Heba F. El-Shazli is an Egyptian-American and an avid lover and reader of literature from the Middle East and North Africa (MENA) region. She is an assistant professor of political science at George Mason University’s Schar School of Policy and Government and an adjunct professor at Georgetown University’s Master’s Degree Program at the Center for Democracy and Civil Society. Heba teaches courses on governments and politics of the Middle East and North Africa, Islam and politics, international relations, and the role of civil society and social movements in democratization. She has a Ph.D. in Government and International Affairs from Virginia Tech’s School of Public and International Affairs and a Master’s degree from Georgetown University. She was the Director of MENA programs at the Solidarity Center (2004-2011) and the Deputy MENA Regional Director at the National Democratic Institute for International Affairs (NDI) from 2001 until 2004. She is a member of the Council on Foreign Relations (www.cfr.org)

This is another in the series of classes on the Middle East and North Africa (MENA) to delve into the heart and soul of the Kingdom of Saudi Arabia through its authors plus a non-fiction work by a distinguished expert on the Kingdom’s history and politics and its relationship with the U.S. We will explore Saudi Arabia’s history, politics and society through one non-fiction book plus novels by Saudi men and women. Five Fridays: 31st January; 14th & 28th February; 20th March; and 3rd April – Time: 1 p.m. to 3 p.m.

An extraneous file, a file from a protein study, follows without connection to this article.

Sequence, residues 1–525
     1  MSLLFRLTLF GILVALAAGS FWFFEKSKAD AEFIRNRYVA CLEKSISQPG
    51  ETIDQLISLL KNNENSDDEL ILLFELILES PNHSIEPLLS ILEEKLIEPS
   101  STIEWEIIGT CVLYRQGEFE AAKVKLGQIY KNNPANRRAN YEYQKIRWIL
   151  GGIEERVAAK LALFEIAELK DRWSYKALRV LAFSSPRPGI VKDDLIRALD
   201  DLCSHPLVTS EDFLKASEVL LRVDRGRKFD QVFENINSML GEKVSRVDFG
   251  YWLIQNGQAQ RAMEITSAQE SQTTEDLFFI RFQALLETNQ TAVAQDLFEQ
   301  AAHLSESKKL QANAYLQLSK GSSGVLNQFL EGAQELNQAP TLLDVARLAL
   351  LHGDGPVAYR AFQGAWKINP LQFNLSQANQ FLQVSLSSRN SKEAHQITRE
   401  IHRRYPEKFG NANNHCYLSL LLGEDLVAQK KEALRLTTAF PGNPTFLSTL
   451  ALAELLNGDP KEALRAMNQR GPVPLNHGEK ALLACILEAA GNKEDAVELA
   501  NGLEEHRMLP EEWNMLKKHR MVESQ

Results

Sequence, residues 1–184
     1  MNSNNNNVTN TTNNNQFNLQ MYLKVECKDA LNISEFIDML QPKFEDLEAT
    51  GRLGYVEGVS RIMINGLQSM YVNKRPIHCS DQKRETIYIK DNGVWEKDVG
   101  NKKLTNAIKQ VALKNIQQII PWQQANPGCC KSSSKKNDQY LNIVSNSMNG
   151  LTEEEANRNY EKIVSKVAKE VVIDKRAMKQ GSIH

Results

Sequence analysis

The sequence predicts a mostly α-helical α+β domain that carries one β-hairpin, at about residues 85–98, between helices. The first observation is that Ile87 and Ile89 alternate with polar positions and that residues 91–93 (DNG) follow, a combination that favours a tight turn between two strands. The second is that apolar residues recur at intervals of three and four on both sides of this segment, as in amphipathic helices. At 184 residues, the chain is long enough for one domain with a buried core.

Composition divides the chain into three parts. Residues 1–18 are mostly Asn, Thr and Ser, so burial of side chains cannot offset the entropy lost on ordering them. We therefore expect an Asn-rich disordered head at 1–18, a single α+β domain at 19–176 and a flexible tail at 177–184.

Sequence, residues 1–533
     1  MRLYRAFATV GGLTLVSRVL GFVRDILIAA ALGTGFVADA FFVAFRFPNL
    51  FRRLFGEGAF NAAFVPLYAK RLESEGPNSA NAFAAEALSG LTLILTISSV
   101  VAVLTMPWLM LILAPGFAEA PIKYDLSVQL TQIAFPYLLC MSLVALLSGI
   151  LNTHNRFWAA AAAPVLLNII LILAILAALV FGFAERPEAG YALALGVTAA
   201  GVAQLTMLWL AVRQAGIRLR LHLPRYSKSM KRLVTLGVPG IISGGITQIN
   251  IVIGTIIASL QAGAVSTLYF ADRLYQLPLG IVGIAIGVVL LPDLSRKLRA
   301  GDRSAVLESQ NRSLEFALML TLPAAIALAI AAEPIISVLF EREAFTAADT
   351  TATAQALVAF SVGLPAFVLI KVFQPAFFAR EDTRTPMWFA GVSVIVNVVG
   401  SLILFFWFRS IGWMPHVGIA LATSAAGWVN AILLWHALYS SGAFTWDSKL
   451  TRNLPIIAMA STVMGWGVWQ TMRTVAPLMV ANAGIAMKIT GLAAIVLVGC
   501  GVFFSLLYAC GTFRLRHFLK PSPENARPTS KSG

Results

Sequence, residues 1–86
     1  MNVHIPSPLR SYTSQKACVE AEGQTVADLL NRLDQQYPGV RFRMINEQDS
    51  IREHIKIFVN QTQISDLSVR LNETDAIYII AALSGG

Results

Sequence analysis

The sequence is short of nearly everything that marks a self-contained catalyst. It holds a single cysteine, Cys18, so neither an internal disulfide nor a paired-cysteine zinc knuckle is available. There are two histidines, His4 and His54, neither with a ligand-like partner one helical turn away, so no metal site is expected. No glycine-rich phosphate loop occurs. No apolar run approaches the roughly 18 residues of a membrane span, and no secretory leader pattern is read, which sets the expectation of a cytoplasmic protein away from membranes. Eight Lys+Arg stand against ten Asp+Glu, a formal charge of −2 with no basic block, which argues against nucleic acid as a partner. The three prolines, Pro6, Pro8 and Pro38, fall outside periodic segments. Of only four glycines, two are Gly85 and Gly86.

WRITING

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Sarah Pleydell is a writer, teacher and actor. Until recently she was a senior lecturer in University Honors at the University of Maryland where she taught creative writing, literature and humanities. She is the author of the critically acclaimed novel “Cologne and “The Dramatic Difference”, an award-winning book in the field of arts integration. Visit her website at www.sarahpleydell.com